Altaf Hussain, the self-exiled founder of one of Pakistan’s biggest political parties, the MQM, has been charged with a terrorism offence in the UK.
The Metropolitan Police confirmed that the 66-year-old had been charged in connection with a speech he made to supporters in Pakistan in August 2016.
Mr Hussain, who requested asylum in the 1990s and later gained UK citizenship, pleaded not guilty.
Despite a split in the MQM, he still wields considerable influence.
He is influential both in the party and its main power base, Karachi.
A statement from the Metropolitan Police said that the speech had been relayed from London to crowds gathered in Karachi on 22 August 2016.
Violence erupted after the speech when MQM activists and police clashed in Karachi, Pakistan’s biggest city.
Mr Hussain was arrested at his address in north London on 11 June. He appeared in court and was granted bail.
Correspondents say he is a maverick politician who has encouraged a personality cult to build up around him.
The Muttahida Qaumi Movement (MQM) has dominated politics in Karachi for three decades because of its support in the densely populated working class neighbourhoods of Urdu-speaking Muhajirs, descendants of Muslims who migrated from India when Pakistan was created in 1947.
From his base in London, Mr Hussain would address supporters of his MQM party via telephone. His messages would be relayed to crowds by loudspeaker.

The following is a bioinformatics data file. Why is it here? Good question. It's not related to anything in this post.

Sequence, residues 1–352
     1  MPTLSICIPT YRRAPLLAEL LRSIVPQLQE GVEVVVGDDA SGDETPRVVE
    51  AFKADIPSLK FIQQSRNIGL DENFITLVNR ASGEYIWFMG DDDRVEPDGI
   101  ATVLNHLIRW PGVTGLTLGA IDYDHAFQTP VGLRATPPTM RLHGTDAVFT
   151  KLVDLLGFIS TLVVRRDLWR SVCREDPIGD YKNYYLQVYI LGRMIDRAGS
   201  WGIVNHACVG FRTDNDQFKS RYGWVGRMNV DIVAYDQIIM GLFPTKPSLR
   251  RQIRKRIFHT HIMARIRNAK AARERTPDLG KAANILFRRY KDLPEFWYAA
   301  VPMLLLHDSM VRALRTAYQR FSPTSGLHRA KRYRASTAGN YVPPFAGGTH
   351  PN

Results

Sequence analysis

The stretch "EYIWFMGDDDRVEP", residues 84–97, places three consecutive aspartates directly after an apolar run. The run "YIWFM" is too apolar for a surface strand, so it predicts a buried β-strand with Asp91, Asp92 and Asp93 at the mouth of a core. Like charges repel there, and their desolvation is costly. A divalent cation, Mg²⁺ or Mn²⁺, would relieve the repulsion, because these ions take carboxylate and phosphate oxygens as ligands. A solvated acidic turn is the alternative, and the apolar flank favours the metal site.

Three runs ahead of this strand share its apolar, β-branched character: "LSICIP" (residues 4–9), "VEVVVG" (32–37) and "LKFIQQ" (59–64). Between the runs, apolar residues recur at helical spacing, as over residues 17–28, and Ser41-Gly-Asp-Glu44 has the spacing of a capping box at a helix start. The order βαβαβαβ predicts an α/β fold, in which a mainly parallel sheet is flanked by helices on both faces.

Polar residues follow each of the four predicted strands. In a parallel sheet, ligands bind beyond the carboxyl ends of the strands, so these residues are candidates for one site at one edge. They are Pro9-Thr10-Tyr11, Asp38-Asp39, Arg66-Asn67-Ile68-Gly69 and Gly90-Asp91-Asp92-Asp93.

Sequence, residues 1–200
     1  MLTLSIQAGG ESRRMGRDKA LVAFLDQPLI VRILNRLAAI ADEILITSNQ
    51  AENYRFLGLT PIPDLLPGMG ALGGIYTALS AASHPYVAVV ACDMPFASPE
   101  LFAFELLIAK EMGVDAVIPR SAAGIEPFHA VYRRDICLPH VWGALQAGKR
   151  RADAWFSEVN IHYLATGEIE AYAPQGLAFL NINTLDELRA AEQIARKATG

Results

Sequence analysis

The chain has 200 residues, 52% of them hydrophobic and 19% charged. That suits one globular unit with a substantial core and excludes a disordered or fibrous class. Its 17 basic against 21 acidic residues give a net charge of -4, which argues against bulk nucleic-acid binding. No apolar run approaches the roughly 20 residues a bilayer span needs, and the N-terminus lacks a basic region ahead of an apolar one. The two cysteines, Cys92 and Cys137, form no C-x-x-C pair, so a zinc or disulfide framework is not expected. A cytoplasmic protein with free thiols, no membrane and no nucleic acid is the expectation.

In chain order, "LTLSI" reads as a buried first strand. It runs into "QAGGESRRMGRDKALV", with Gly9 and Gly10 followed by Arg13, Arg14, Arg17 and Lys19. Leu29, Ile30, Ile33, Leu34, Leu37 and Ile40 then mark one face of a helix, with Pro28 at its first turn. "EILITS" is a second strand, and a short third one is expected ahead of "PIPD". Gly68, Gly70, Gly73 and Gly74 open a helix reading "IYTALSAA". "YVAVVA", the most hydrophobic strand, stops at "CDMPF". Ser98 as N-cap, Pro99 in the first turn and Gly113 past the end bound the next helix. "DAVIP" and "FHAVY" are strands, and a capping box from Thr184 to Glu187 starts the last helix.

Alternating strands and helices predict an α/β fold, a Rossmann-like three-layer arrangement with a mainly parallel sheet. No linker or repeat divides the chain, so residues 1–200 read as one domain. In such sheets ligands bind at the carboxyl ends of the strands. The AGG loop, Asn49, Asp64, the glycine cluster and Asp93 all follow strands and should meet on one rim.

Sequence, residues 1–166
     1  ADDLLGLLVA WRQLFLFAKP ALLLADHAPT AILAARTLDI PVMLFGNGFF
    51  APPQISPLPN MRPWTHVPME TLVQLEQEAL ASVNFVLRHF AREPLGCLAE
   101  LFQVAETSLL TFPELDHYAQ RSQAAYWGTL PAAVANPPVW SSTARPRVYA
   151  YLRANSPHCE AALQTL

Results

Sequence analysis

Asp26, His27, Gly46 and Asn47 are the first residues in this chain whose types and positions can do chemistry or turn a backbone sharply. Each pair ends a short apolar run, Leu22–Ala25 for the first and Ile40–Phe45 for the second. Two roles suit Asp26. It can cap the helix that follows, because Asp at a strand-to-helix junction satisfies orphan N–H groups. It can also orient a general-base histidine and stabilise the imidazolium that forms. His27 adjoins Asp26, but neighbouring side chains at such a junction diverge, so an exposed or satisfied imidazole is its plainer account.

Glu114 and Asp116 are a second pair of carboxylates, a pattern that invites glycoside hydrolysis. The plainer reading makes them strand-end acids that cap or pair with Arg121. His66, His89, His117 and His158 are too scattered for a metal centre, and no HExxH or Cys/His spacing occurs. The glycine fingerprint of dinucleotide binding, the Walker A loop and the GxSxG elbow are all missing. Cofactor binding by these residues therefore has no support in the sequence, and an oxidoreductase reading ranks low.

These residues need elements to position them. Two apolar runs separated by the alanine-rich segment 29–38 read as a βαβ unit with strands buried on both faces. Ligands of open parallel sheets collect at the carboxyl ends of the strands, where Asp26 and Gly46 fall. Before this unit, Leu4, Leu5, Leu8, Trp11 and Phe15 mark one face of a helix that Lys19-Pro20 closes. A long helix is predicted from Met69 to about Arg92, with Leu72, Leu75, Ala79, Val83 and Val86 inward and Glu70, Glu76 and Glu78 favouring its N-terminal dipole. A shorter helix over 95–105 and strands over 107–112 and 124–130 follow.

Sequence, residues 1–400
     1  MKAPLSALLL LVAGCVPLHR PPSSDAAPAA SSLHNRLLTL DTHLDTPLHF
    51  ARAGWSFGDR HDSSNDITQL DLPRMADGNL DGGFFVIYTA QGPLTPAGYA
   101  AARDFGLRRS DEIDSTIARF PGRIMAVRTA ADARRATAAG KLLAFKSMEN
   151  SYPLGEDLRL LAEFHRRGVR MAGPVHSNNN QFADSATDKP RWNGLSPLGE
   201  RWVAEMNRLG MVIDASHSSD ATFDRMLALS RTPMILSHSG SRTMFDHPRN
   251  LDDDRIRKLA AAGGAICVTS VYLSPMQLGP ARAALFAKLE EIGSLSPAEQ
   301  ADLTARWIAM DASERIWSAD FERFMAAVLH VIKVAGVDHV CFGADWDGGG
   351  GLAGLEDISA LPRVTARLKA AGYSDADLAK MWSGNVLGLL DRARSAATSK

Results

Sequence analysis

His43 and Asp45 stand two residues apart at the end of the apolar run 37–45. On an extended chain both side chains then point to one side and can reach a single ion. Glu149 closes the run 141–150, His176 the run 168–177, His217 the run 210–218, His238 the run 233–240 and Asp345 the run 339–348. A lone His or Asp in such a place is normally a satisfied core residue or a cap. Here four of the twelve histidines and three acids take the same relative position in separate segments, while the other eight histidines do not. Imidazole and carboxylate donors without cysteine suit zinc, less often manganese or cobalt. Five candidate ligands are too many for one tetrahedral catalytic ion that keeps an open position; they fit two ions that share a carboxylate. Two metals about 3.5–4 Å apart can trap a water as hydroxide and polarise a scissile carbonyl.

The Pakistani authorities have repeatedly demanded action be taken against him – but his supporters have always maintained his innocence.
What is the MQM?
1984: Founded as the party of Urdu-speakers who migrated from India at the time of the 1947 partition, known as Muhajirs
1988: Wins all seats in Karachi, becoming Pakistan’s third largest party
1992: Altaf Hussain leaves the country after an arrest warrant is issued in a murder case; army says it busted “torture cells” used by MQM activists to punish opponents
2009: Under a 2009 amnesty in Pakistan 72 cases are dropped against Altaf Hussain, including 31 allegations of murder
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2015: MQM wins local government election with a huge margin in Karachi
2016: The party splits into two: a faction led by Altaf Hussain – the MQM-L – in London, and one in Pakistan – the MQM-P – which is opposed to him
2018: The MQM-L faction boycotts the general election, citing what it calls the military’s oppression of Muhajirs. The MQM-P wins seven seats and becomes a member of Pakistan’s governing coalition
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